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Herodian's Roman History


Marcus Aurelius. Equestrian statue on the Capitol, Rome. Photo Marco Prins.
Herodian (late second, first half third century): Greek historian, author of a History of the Roman Empire since the Death of Marcus Aurelius (table of contents) in which he describes the reign of Commodus (180-192), the Year of the Five Emperors (193), the age of the Severan dynasty (211-235), and the Year of the Six Emperors (238).

The translation was made by Edward C. Echols (Herodian of Antioch's History of the Roman Empire, 1961 Berkeley and Los Angeles) and was put online for the first time by Roger Pearse (Tertullian.Org). The version offered on these pages is hyperlinked and contains notes by Jona Lendering.
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Coin of Lucilla. Valkhof Museum, Nijmegen (Holland). Photo Marco Prins.
Coin of Lucilla
(Valkhof, Nijmegen)

1.8: Conspiracy of Lucilla

For several years the emperor deferred to the advisers appointed by his father, following their advice in everything. [180] But when he assumed absolute control of the empire, he put in command of the Praetorian Guard an Italian, Perennis, who seemed to be a capable soldier. (Indeed, it was for this reason that Commodus made him praetorian prefect.) Perennis indulged the emperor's youthful appetites, permitting him to spend his time in drinking and debauchery, and relieved him of imperial cares and responsibilities.

Perennis assumed full personal charge of the empire, driven by his insatiable lust for money, his contempt for what he had, and his greedy longing for what was not yet his. To begin with, he launched an attack upon Commodus' advisers and upon all the wealthy and nobly born; by casting suspicion upon these men, Perennis aroused the fears of the emperor and provided the youth with reason and opportunity to destroy them and confiscate their property.

For the present, however, the memory of his father and his respect for his advisers held Commodus in check. But then a disastrous stroke of ill fortune completely altered his previously mild, moderate disposition. It happened this way. The oldest of the emperor's sisters was Lucilla. She had formerly been married to Lucius Verus Caesar, whom Marcus had made his associate in governing the empire; by marrying Lucilla to Lucius, Marcus had made her marriage to his Caesar the strongest bond of mutual good will. But after Lucius died, Lucilla, who retained all the privileges of her imperial position, was married by her father to Pompeianus.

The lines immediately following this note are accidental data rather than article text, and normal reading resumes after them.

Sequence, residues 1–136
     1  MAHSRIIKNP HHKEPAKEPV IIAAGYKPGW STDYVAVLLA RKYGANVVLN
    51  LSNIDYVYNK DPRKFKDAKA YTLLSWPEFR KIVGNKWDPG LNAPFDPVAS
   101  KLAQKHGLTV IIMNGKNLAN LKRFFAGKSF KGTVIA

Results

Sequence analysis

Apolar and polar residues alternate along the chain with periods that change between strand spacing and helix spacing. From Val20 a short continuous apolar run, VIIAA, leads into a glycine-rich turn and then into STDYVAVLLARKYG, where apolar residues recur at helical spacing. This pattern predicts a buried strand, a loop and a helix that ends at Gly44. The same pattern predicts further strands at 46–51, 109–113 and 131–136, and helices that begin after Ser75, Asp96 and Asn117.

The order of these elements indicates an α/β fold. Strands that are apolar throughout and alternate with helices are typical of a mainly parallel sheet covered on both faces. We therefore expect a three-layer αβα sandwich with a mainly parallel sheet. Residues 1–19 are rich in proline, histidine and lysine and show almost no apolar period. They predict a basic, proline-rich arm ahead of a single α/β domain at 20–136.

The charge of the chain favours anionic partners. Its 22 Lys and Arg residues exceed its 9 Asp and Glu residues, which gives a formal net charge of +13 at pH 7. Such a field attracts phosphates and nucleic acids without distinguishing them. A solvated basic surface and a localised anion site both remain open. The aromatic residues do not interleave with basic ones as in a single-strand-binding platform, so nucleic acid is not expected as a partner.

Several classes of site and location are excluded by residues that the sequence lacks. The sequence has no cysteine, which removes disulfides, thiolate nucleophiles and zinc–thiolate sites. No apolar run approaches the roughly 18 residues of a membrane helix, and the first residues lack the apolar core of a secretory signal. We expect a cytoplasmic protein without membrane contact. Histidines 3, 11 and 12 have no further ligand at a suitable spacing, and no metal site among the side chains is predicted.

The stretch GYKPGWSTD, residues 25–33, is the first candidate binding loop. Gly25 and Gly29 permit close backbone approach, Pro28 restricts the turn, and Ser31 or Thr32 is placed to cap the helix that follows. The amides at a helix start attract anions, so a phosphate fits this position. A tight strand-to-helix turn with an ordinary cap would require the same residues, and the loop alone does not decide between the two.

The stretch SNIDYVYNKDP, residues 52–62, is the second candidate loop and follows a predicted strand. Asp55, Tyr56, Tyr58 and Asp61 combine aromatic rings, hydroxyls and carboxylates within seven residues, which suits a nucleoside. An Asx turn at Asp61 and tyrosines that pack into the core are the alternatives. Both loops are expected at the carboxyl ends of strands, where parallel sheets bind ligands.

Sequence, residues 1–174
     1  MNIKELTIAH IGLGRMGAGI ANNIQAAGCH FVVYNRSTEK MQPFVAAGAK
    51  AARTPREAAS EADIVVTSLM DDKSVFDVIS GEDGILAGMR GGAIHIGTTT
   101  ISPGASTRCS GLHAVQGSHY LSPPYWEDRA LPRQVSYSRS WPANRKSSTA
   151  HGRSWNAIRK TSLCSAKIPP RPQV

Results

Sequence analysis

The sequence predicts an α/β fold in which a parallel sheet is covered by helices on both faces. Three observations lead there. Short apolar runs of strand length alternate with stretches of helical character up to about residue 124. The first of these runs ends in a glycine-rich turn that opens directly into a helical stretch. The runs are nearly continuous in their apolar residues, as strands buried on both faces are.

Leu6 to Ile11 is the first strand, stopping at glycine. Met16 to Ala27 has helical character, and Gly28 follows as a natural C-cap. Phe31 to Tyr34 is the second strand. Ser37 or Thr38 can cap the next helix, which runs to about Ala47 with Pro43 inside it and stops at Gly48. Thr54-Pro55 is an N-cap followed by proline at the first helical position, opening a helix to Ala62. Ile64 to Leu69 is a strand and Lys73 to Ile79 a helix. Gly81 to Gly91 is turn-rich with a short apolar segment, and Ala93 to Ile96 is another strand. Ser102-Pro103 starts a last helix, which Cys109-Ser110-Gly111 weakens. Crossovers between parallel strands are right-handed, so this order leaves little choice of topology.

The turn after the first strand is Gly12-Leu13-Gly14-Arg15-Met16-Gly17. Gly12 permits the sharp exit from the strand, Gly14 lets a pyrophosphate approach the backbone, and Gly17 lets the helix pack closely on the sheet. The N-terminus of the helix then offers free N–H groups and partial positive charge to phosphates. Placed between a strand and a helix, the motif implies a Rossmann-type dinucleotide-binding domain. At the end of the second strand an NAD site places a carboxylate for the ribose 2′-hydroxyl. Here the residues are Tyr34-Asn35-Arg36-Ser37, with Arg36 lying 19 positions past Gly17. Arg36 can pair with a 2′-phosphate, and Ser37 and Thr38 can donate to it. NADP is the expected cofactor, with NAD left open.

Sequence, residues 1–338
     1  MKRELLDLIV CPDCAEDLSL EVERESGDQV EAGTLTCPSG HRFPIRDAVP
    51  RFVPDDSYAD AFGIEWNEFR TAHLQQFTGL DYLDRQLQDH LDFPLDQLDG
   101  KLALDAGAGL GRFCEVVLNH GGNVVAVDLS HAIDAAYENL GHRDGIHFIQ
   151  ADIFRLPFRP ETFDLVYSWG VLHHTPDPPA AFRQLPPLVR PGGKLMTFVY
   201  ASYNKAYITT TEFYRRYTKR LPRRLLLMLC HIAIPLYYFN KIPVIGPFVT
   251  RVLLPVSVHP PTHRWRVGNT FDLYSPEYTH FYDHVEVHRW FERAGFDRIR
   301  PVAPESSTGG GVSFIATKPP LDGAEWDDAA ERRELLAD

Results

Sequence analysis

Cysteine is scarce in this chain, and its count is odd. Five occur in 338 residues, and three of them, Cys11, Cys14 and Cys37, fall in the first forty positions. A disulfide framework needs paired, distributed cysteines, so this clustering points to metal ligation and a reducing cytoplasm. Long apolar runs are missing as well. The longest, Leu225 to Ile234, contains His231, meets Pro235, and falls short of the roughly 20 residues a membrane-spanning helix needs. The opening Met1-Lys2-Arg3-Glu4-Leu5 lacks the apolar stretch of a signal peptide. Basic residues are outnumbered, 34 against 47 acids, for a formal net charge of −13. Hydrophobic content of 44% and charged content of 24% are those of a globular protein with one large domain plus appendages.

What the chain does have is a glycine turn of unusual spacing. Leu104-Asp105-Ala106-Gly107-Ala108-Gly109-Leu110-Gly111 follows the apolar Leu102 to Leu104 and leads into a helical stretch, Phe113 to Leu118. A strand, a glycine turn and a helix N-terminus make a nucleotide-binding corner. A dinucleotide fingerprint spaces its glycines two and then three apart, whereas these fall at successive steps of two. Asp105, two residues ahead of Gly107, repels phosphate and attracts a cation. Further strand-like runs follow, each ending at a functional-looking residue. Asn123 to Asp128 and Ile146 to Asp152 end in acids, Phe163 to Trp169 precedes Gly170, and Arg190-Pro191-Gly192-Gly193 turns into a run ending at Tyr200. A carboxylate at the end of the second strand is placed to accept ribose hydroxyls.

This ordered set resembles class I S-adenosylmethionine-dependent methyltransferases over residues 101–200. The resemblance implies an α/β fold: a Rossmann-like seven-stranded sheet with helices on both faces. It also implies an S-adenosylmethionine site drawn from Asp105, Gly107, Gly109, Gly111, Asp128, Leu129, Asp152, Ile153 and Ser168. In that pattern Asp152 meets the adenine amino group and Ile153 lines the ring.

Commodus, too, allowed his sister to retain the imperial honors; she continued to occupy the imperial seat at the theaters, and the sacred fire was carried before her. But when Commodus married Crispina,[1] custom demanded that the front seat at the theater be assigned to the empress. Lucilla found this difficult to endure, and felt that any honor paid to the empress was an insult to her; but since she was well aware that her husband Pompeianus was devoted to Commodus, she told him nothing about her plans to seize control of the empire. Instead, she tested the sentiments of a wealthy young nobleman, Quadratus, with whom she was rumored to be sleeping in secret. Complaining constantly about this matter of imperial precedence, she soon persuaded the young man to set in motion a plot which brought destruction upon himself and the entire senate.

[181] Quadratus, in selecting confederates among the prominent senators, prevailed upon Quintianus, a bold and reckless young senator, to conceal a dagger beneath his robe and, watching for a suitable time and place, to stab Commodus; as for the rest, he assured Quintianus that he would set matters straight by bribes.

The Colosseum in Rome. Photo Jona Lendering.
The Colosseum in Rome

But the assassin, standing in the entrance to the amphitheater [2] (it was dark there and he hoped to escape detection), drew his dagger and shouted at Commodus that he had been sent by the Senate to kill him. Quintianus wasted time making his little speech and waving his dagger; as a result, he was seized by the emperor's bodyguards before he could strike, and died for his stupidity in revealing the plot prematurely. Thus found out beforehand, Quintianus brought about his own death, and Commodus was put on his guard by this forewarning.

This was the initial reason for the young emperor's hatred of the Senate. He took Quintianus' words to heart and, ever mindful of what his attacker had said, now considered the entire Senate his collective enemy.

This incident also gave Perennis sufficient excuse for taking action, for he was always advising the emperor to eliminate and destroy the prominent men. By confiscating their property, Perennis easily made himself the richest man of his time. After the attempt at assassination had been thoroughly investigated by the prefect, Commodus without mercy put to death his sister, all those actually involved in the plot, and any who were under the slightest suspicion as well.

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Note 1:
Although Herodian suggests that Commodus and Crispina married after his accession in 180, this in fact happened in 178. Whatever Lucilla's motive, it can not have been that Commodus had insulted her. She was sent into exile to Capri, where she was later executed.

Note 2:
The amphitheater of Rome is better known as Colosseum.
Online 2007
Revision: 27 June 2007
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